This sort of individual sanction effects a much greater perversion of the normal legislative process than does the imposition of sanctions on the city for the failure of these same legislators to enact an ordinance. In that case, the legislator is only encouraged to vote in favor of an ordinance that he would not otherwise favor by reason of the adverse sanctions imposed on the city. A councilman who felt that his constituents would rather have the city enact the Affordable Housing Ordinance than pay a "bankrupting fine" would be motivated to vote in favor of such an ordinance because the sanctions were a threat to the fiscal solvency of the city for whose welfare he was in part responsible. This is the sort of calculus in which legislators engage regularly.

We hold that the District Court, in view of the "extraordinary" nature of the imposition of sanctions against the individual councilmembers, should have proceeded with such contempt sanctions first against the city alone in order to secure compliance with the remedial order. Only if that approach failed to produce compliance within a reasonable time should the question of imposing contempt sanctions against petitioners even have been considered. "This limitation accords with the doctrine that a court must exercise '[t]he least possible power adequate to the end proposed.' Anderson v. Dunn, 6 Wheat. 204, 231, 5 L.Ed. 242 (1821); In re Michael, 326 U.S. 224, 227, 66 S.Ct. 78, 79, 90 L.Ed. 30 (1945)." Shillitani v. United States, 384 U.S., at 371, 86 S.Ct., at 1536.


Justice BRENNAN, with whom Justice MARSHALL, Justice BLACKMUN, and Justice STEVENS join, dissenting.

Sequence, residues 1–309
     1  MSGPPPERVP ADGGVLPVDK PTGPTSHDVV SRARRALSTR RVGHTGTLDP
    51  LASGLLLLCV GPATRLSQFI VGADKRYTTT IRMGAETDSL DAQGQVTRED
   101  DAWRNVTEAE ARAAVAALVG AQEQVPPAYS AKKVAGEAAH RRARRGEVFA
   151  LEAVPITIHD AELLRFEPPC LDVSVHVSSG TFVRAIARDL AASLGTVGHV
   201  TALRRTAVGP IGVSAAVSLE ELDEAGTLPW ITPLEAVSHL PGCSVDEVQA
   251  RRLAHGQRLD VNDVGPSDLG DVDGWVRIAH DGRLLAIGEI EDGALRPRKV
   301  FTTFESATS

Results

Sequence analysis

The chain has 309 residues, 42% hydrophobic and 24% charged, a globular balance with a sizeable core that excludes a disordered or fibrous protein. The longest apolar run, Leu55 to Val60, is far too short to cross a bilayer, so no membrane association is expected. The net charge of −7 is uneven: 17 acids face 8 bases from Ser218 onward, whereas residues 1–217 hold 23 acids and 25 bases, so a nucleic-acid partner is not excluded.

^1  Sections 1 through 11 of the consent decree set forth actions that the city agreed to take in connection with the public housing obligations imposed by Part IV of the housing remedy order. As the Solicitor General emphasized at oral argument, neither those sections of the decree nor Part IV of the remedy order is at issue in this action.

^2  The full text of § 17 provides that "[t]he City agrees to adopt, among other things, legislation (a) conditioning the construction of all multifamily housing (inclusive of projects for future construction currently in the planning stage but which will require zoning changes, variances, special exceptions, or other discretionary approvals from the City to begin construction) on the inclusion of at least 20 percent assisted units; (b) granting necessary tax abatements to housing developments constructed under the terms of the legislation referred to in clause (a); (c) granting density bonuses to such developers; (d) providing for zoning changes to allow the placement of such developments, provided, however, that such changes are not substantially inconsistent with the character of the area; and (e) other provisions upon which the parties may subsequently agree (including the use of the Industrial Development Authority as a development vehicle and the creation of a municipally-designated, independent not-for-profit Local Development Corporation) (collectively, the 'Mandated Incentives'). The City agrees to implement a package of Mandated Incentives as promptly as practicable but, in no event, later than 90 days after the entry of this decree."

^3  The Government's statement to the contrary in its brief, Brief for United States 23-24, is in error.

^4  The Government distinguishes the instant sanctions from those threatened in January 1988, because in this litigation the city and the city council had indicated by the defeat of a resolution proposed by the court that it "would not 'voluntarily adopt the legislation contemplated by the [court's orders].' " Id., at 45 (quoting City of Yonkers Memorandum of Law in Opposition to Plaintiffs' Proposed Contempt Order; see App. 351). Before the court threatened sanctions for refusal to adopt the 1987-1988 HAP, however, the city council had twice tabled an initiative to enact the HAP, id., at 173, and the court previously had been forced to "deem" HAP's to have been submitted for two previous years. Id., at 174; Brief for United States 5, n. 7. Suffice it to say that the council's conduct with regard to the HAP hardly suggested a willingness to comply "voluntarily."

This work is in the public domain in the United States because it is a work of the United States federal government (see 17 U.S.C. 105).